Using a latent variable approach to inform gender and racial/ethnic differences in cocaine dependence: a National Drug Abuse Treatment Clinical Trials Network study.
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This study applies a latent variable approach to examine gender and racial/ethnic differences in cocaine dependence, to determine the presence of differential item functioning (DIF) or item-response bias to diagnostic questions of cocaine dependence, and to explore the effects of DIF on the predictor analysis of cocaine dependence. The analysis sample included 682 cocaine users enrolled in two national multisite studies of the National Drug Abuse Treatment Clinical Trials Network (CTN). Participants were recruited from 14 community-based substance abuse treatment programs associated with the CTN, including 6 methadone and 8 outpatient nonmethadone programs. Factor and multiple indicators-multiple causes (MIMIC) procedures evaluated the latent continuum of cocaine dependence and its correlates. MIMIC analysis showed that men exhibited lower odds of cocaine dependence than women (regression coefficient, beta = -0.34), controlling for the effects of DIF, years of cocaine use, addiction treatment history, comorbid drug dependence diagnoses, and treatment setting. There were no racial/ethnic differences in cocaine dependence; however, DIF by race/ethnicity was noted. Within the context of multiple community-based addiction treatment settings, women were more likely than men to exhibit cocaine dependence. Addiction treatment research needs to further evaluate gender-related differences in drug dependence in treatment entry and to investigate how these differences may affect study participation, retention, and treatment response to better serve this population.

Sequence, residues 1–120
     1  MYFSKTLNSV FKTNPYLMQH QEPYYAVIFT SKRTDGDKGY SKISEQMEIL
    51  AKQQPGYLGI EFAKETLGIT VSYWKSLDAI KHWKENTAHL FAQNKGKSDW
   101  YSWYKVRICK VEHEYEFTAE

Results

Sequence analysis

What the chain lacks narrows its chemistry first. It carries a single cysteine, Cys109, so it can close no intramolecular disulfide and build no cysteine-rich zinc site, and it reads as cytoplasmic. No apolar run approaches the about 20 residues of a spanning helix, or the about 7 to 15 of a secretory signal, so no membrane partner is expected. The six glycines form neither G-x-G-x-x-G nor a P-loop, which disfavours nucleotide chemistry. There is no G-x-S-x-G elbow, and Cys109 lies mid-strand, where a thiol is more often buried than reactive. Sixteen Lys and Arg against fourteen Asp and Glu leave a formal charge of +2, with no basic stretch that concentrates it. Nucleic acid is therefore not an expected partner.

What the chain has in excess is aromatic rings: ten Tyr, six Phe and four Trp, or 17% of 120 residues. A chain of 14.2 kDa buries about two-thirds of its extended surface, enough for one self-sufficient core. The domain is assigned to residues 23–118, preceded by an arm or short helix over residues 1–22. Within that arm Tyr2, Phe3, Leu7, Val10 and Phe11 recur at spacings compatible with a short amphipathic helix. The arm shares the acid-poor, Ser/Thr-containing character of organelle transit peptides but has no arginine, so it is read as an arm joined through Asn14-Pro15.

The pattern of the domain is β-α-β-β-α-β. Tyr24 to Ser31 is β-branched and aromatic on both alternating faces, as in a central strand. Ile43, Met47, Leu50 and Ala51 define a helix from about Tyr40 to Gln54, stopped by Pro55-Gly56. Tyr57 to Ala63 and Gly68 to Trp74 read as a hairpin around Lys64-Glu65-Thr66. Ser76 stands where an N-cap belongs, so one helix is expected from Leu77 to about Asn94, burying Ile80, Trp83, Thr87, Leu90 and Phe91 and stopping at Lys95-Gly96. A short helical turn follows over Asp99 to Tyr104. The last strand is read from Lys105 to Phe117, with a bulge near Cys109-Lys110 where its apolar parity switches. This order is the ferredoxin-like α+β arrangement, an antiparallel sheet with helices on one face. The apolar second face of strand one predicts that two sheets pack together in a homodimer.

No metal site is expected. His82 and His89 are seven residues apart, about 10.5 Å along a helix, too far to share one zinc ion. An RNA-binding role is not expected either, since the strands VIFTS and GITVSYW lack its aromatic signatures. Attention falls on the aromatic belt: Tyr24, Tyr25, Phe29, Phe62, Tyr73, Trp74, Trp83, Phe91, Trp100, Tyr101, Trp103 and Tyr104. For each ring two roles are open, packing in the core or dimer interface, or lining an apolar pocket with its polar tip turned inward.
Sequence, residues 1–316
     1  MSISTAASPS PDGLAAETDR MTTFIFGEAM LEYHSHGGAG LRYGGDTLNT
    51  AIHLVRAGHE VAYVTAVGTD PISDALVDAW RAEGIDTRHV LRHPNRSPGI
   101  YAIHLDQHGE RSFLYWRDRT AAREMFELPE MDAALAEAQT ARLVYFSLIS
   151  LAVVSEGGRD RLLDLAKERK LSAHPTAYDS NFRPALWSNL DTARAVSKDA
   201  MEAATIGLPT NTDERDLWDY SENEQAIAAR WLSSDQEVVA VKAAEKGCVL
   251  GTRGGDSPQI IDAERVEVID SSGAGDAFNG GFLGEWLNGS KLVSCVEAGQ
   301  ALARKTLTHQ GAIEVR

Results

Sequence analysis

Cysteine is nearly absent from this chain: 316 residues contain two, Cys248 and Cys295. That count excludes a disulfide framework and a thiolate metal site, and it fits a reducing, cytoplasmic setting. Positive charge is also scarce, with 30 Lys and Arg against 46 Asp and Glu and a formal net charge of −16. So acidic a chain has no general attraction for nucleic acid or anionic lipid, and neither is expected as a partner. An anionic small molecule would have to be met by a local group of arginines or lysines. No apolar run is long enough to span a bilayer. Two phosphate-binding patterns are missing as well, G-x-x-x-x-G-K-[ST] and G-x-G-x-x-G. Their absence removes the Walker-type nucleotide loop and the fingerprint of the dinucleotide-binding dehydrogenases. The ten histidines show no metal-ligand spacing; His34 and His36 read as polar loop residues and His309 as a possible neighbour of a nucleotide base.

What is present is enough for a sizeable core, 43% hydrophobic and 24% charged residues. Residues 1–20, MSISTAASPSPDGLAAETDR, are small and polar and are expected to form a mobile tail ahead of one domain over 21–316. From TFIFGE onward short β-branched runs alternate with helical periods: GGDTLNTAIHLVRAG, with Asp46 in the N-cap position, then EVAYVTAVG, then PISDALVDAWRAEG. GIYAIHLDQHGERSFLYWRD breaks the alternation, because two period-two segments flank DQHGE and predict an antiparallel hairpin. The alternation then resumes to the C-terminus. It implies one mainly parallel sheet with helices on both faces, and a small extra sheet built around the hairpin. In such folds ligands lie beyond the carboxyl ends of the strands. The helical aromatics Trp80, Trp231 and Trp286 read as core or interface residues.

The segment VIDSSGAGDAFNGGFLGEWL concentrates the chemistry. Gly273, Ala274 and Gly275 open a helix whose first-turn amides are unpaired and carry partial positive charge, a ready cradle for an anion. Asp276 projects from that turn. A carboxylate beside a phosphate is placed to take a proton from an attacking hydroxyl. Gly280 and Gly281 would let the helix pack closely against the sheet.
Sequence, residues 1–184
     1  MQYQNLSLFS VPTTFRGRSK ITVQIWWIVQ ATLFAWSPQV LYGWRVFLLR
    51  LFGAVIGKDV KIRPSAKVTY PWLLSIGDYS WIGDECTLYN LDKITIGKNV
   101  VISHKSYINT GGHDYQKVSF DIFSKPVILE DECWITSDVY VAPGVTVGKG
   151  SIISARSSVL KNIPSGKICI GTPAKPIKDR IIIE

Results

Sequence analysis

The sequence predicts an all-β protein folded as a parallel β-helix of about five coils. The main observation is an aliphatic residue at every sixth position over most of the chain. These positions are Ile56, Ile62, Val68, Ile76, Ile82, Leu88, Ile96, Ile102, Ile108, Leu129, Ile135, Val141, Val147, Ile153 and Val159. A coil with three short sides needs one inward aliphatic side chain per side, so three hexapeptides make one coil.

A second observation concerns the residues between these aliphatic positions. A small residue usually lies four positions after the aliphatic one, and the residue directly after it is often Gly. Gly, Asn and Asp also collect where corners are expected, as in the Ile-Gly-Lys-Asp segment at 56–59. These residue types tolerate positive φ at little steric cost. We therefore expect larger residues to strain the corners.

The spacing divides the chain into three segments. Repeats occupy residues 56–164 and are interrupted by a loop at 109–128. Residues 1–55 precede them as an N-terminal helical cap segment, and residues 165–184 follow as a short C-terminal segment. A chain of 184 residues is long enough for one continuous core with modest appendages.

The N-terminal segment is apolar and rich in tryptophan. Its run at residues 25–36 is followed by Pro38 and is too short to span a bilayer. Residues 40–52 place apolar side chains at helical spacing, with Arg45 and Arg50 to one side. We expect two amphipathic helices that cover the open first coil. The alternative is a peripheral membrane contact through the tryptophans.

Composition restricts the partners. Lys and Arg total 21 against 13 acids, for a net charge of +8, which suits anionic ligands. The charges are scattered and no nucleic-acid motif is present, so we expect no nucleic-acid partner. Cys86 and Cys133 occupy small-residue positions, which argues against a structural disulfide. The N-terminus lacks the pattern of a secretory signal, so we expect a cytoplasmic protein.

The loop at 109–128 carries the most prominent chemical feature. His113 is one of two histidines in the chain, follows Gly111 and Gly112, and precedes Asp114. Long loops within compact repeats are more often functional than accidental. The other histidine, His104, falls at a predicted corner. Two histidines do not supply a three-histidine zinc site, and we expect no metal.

Data Interpretation, Statistical
Continental Population Groups
Substance Abuse Treatment Centers
Community Health Services
Clinical Trials as Topic
National Institute on Drug Abuse (U.S.)
Published Version (Please cite this version)10.1016/j.jsat.2009.12.011
Publication InfoWu, Li-Tzy; Blazer, Daniel; Pan, Jeng-Jong; Tai, Betty; Stitzer, Maxine L; & Woody, George E (2010). Using a latent variable approach to inform gender and racial/ethnic differences in cocaine dependence: a National Drug Abuse Treatment Clinical Trials Network study. Journal of substance abuse treatment, 38 Suppl 1(SUPPL. 1). pp. S70-S79. 10.1016/j.jsat.2009.12.011. Retrieved from https://hdl.handle.net/10161/19997.
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Professor of Psychiatry and Behavioral Sciences
I am currently semi-retired. Most of my recent work has been focused on roles with the National Academy of Medicine (former Institute of Medicine). I have chaired three committees during the past four years, one on the mental health and substance use workforce, one on cognitive aging, and one on hearing loss in adults. I currently also chair the Board on the Health of Select Populations for the National Academies. In the past I have been PI on a number of research
Professor in Psychiatry and Behavioral Sciences
Education/Training: Pre- and post-doctoral training in mental health service research, psychiatric epidemiology (NIMH T32), and addiction epidemiology (NIDA T32) from Johns Hopkins University School of Public Health (Maryland); Fellow of the NIH Summer Institute on the Design and Conduct of Randomized Clinical Trials.Director: Duke Community Based Substance Use Disorder Research Program.Node Principal Investigator/Director: Mid-Southern Node of the National Drug Abuse Trea
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